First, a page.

In 2005, Steve Weber, then the Will County Auditor, introduced a “Four-Ten” work schedule to his employees. The staff worked four, ten-hour days, and received the fifth day off—giving the staff a three-day weekend.
“They loved it and so did I,” said Weber.
As Treasurer, Weber has not only offered a 4/10 schedule but has added the choice of working a 9/9 schedule which would give an employee an extra day off every other week.
“The addition of the 9/9 schedule gives those with children the opportunity to spend more quality time with their families,” Weber said, “It’s all about life balance and making the work environment more enjoyable and productive.”
Treasurer Employee Patti Imel says her son is excited she is able to use her day off to visit his school and read to the class just like his best friend’s mom. Working 4 days a week is not a new concept.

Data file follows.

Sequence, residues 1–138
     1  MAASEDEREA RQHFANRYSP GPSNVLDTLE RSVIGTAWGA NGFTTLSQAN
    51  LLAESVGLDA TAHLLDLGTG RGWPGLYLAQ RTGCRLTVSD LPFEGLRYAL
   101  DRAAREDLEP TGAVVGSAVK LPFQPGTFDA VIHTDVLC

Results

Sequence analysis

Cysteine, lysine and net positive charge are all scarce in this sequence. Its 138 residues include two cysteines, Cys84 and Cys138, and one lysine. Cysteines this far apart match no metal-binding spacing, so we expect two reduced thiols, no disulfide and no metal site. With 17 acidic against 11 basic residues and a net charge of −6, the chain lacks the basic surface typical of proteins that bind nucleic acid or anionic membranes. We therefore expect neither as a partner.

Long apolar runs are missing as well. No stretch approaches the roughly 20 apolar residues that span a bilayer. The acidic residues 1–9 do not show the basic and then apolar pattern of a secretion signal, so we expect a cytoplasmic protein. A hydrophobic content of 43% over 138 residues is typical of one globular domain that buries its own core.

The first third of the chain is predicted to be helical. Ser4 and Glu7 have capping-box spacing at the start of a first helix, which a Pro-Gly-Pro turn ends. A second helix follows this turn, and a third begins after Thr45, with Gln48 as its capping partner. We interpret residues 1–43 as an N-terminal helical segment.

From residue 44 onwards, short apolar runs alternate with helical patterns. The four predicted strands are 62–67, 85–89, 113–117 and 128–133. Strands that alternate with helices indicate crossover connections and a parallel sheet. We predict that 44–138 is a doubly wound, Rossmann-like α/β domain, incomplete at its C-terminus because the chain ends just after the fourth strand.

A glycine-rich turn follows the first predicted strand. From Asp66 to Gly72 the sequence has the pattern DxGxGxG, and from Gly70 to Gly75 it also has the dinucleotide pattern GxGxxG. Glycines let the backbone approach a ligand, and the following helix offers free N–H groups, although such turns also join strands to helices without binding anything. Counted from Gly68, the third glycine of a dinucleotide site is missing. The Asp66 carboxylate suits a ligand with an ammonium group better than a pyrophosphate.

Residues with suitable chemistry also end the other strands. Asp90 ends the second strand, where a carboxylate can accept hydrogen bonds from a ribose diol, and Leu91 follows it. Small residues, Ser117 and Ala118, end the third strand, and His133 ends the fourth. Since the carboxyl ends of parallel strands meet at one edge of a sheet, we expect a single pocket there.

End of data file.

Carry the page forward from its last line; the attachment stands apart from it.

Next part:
In 1930 cereal maker W.K. Kellogg had this to say about his decision to decrease the companies work week.
The efficiency and morale of our employees has increased, the accident and insurance rates have improved, and the unit cost of production is lowered.
A more recent study conducted by Brigham Young University professors found that a 4/10 work schedule increases job satisfaction, employee morale and productivity.
An added benefit to the employee is the decreased cost in automobile costs which include using less gas and longer periods between routine maintenance. A four day work week can also reduce childcare costs by 40%. Also it allows employees to exercise more, volunteer more, and it reduces stress and sick days.
“Governments need to look for additional ways to become more efficient. Moving to a 4 day work week should be at the top of the list,” Weber said, “Folks like it and it’s good for the environment.”
“To me, it’s a no-brainer,” Weber said.